A Birth Mother in Crisis
“I want her to have a backyard to play in, to have a daddy who is there and loves her. She needs to know that life is about something. I just want her to have love, a normal childhood and a happy life.”
Just last week, after regular business hours, we received this call on our birth mother line from a woman in her early 20’s. We’ll call her Lilly. Our on-call specialist began to ask questions, and as the conversation progressed, Lilly’s voice quickly went from determined to barely audible. Lilly is parenting her two-year-old little girl, and it is breaking her heart to even think of letting another family raise her. She tearfully listed all the things she wants her daughter to learn about life – things she simply can’t teach her due to their circumstances.
Lilly came from divorced parents, both of whom made promises of help early on, but the help never really came. She had done everything she could, but she just could not afford to continue this way – emotionally or financially.
The birth father had never really been around, and on the rare occasion that he did call, he never wanted to speak with his little girl. In fact, he had never laid eyes on her, let alone paid child support or even given her a simple gift. It was clear that Lilly was hurt by this, but she acknowledged that the birth father was the one missing out on his beautiful daughter.
When asked what her little girl liked to do, Lilly laughed. “Talk!” she said. “She will talk your ear off if you let her. She picks up the phone and just starts talking. She talks to the TV, and when she’s done talking, she’ll start to sing. And she writes. She loves to write with crayons, markers, anything.” The change in Lilly’s voice as she shared these small details of her daily life clearly showed the joy she found in these moments.
Lilly considered adoption when she was first pregnant, but with the promise of family help, she had decided to parent. Two years later, she has learned that those promises of support were empty. Her education plans are stalled, and her life is a hand-to-mouth existence with her daughter in childcare every day. Lilly wants to do better for both of them. She wants to continue her education and become a physician. She desperately wants a family and a future for her little girl.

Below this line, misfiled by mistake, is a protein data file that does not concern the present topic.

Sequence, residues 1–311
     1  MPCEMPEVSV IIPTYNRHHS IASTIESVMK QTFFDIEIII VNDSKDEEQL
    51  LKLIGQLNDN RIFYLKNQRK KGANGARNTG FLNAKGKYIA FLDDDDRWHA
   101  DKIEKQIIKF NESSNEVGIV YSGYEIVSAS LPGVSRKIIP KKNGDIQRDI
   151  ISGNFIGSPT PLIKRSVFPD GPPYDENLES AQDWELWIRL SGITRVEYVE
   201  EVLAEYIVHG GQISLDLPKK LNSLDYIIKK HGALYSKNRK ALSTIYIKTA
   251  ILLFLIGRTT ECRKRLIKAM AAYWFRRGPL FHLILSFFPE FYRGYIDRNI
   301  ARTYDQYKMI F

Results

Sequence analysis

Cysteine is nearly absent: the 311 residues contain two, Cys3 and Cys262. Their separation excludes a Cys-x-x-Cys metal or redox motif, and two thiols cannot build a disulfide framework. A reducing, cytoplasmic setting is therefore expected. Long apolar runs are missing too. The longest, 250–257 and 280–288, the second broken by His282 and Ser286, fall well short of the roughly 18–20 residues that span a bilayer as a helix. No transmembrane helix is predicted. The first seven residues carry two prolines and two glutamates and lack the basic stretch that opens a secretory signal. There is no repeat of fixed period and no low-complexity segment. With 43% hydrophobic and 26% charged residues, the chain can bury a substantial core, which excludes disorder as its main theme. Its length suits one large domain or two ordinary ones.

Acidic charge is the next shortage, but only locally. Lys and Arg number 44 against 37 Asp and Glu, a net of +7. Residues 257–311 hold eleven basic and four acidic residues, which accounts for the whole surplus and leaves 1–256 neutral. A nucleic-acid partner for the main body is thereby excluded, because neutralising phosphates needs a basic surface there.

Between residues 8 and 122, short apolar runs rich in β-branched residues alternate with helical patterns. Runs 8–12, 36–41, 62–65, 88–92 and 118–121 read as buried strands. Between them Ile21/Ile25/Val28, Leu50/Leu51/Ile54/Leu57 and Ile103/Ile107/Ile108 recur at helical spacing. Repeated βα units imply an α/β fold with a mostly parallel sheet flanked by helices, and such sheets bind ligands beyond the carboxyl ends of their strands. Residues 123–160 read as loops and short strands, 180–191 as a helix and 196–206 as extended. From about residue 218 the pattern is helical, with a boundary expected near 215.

At Lifetime, we work with a wide variety of families, and at any given time, some among them are open to most any situation we are presented with. On occasion, we have had to seek out a family for something outside of regular circumstances, and we have been so blessed to receive your responses. It is heartwarming to see families come forward to embrace a situation that is outside their original preferences.
We would like to encourage you to be sure your preference list matches the situations you are open to. There have been occasions when a family has told us that they might consider a two-year-old, like Lilly’s daughter. Yet because they never officially updated their preferences with their coordinator, they were never presented. Please, search your hearts. Consider what situations you are interested in — which children you are truly open to welcoming into your family.
Call your coordinator to discuss the possibility of opening your preferences. At Lifetime, we often hear new adoptive parents say, “We don’t know what we would do without our child. She was meant for our family, and we are so thankful that we opened our hearts.” You never know what unexpected blessings may come your way if you just open your heart to the endless possibilities.
Mardie Caldwell, C.O.A.P.
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